A number of critiques have been levelled at the U.K. system of disclosure by the European Court of Human Rights (ECtHR) including: that no distinction is made on the basis of the nature of offence, the disposal of the case, the time elapsed or relevance of the data to the employment in question; that the mandatory disclosure of all convictions is disproportionate and does not allow the exercise of any discretion to balance public protection and privacy; and that disclosure should be limited to only convictions.

Dr Weaver sets out four approaches to reforming the disclosure system which she characterises as:

  • Forgetting,
  • Forgiving,
  • Forbidding, and
  • Facilitating.


Reforms of the 1974 Act are intended to reduce the barriers that a criminal history presents to employment reducing rehabilitation periods. This approach is unlikely to increase access to employment and support reintegration, if even spent convictions are disclosed in all positions requiring a Standard or Enhanced level of disclosure, given the impacts that disclosures have on employer decision-making. The “Forgetting” approach to reform would be to legislate a) that all convictions should be subject to the possibility of being spent and b) that spent convictions should be automatically withheld from disclosure with  the record   sealed and the person presumed rehabilitated for the purposes of employment.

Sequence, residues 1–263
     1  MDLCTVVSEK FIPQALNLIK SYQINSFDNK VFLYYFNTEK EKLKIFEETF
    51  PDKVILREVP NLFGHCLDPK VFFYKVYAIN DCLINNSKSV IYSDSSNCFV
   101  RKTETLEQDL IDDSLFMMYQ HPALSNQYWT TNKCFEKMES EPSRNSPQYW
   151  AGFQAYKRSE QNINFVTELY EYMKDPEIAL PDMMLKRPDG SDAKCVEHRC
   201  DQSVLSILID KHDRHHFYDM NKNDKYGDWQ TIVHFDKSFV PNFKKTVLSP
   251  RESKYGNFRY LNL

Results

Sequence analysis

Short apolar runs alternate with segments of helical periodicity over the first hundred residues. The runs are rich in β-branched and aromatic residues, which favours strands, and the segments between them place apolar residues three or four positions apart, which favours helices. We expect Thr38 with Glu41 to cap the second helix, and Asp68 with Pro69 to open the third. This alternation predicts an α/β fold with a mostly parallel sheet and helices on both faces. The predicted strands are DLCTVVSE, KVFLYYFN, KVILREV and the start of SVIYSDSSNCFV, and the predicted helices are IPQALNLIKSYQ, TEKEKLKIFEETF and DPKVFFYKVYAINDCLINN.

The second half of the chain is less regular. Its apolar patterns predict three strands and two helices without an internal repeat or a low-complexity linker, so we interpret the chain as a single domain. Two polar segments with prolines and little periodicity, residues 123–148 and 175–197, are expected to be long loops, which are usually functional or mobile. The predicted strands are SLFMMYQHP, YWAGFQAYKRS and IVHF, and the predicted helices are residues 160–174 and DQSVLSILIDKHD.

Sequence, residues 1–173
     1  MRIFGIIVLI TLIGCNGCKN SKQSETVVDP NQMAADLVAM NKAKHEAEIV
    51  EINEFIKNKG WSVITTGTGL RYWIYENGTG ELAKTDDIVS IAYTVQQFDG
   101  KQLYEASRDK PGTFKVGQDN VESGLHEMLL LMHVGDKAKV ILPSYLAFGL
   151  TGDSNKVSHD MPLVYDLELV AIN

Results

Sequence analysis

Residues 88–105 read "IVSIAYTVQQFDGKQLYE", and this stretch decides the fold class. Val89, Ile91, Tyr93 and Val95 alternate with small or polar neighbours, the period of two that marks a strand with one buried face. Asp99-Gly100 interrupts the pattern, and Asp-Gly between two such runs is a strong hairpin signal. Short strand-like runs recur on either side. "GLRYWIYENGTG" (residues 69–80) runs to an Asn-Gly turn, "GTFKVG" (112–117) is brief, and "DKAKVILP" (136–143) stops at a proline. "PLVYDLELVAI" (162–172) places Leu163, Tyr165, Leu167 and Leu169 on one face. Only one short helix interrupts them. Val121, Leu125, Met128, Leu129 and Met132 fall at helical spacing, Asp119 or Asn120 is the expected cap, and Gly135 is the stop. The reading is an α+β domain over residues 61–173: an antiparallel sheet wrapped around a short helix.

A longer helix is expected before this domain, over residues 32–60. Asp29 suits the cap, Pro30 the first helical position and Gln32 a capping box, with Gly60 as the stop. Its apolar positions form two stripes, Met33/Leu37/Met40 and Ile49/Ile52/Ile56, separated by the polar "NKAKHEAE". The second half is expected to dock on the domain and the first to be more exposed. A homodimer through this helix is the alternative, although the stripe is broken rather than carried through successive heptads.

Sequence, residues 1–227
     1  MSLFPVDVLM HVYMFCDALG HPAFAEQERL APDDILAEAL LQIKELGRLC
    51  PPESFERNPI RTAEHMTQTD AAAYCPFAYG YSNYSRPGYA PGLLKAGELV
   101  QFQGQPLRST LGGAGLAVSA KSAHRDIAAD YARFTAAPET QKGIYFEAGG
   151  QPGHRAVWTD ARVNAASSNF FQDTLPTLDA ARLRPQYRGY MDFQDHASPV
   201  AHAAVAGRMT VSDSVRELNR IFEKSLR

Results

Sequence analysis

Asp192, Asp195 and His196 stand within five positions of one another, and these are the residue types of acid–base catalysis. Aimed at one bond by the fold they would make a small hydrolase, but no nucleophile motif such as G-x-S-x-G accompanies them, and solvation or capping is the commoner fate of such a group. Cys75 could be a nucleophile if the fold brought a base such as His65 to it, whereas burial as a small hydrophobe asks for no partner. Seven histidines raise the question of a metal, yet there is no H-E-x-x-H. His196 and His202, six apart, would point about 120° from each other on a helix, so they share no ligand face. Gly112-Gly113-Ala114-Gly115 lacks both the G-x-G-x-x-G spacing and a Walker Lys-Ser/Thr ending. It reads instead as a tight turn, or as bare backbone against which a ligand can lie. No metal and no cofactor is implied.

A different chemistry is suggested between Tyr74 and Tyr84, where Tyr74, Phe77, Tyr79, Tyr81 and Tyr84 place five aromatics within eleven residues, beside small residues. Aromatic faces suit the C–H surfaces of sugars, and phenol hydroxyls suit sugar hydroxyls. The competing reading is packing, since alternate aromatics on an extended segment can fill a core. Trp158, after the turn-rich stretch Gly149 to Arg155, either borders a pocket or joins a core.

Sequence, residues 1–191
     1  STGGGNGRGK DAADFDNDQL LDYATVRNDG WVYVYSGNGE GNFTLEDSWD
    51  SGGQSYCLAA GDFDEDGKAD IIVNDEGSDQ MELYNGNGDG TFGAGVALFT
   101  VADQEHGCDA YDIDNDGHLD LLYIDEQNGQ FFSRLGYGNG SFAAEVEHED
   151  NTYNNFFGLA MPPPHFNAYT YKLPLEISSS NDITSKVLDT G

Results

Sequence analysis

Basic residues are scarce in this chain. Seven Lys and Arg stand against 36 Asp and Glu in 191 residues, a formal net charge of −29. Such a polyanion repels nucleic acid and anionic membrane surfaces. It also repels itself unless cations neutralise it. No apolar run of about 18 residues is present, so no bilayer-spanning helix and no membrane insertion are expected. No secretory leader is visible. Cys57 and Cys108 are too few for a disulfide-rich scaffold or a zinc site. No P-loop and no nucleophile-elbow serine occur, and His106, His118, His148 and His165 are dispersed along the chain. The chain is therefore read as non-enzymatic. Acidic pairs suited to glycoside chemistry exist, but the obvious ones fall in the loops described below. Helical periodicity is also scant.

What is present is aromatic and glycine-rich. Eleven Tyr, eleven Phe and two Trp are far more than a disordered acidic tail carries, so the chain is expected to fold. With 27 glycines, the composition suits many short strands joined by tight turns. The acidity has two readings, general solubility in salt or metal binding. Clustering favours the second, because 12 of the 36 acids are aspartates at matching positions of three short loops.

The French approach is to issue a Certificate of Rehabilitation applied for by the individual and issued by the state or judicial authorities in light of evidence that a person has made progress towards desistance. The criteria are demanding, thorough and based on merit and the certificate effectively acts as a ‘letter of recommendation’ that can be used by employers as a mechanism for evidencing rehabilitation.


Another approach (proposed by Larrauri Pijoan) is that the disqualification of a person upon conviction from certain occupations could be incorporated into sentencing. This reflects European practices where rehabilitation and privacy are both viewed as a right, one that places due limits on punishment and its effects. The argument is that the criminal law should  address substantial risk, instead of relying on employers and criminal records checks. Such a court-imposed Occupational Disqualification Order, could be imposed by the judge after individualised assessment and limited by proportionality constraints, providing due notice, and applied retroactively as part of the sentence, much like a driving disqualification. The underpinning principle is that the process of employment exclusion has to be authorised in law, with regard to certain employments, and only in cases where there is a specific occupational disqualification order imposed by a court and not a generic criminal record.


Dr Weaver’s final approach involves the production of guidance and revisions to anti-discrimination legislation – effectively protecting the rights of people with convictions under the Equality Act to ensure they do not face inappropriate discrimination. Similar protection is afforded by the Australian legal system.